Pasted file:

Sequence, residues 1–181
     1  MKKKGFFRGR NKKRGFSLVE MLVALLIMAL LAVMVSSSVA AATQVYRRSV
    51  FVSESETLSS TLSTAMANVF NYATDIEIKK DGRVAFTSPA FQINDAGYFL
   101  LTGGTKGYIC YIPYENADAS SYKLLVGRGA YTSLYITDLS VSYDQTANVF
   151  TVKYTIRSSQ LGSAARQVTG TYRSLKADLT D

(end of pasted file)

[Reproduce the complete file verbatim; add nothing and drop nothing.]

Sequence, residues 1–181
     1  MKKKGFFRGR NKKRGFSLVE MLVALLIMAL LAVMVSSSVA AATQVYRRSV
    51  FVSESETLSS TLSTAMANVF NYATDIEIKK DGRVAFTSPA FQINDAGYFL
   101  LTGGTKGYIC YIPYENADAS SYKLLVGRGA YTSLYITDLS VSYDQTANVF
   151  TVKYTIRSSQ LGSAARQVTG TYRSLKADLT D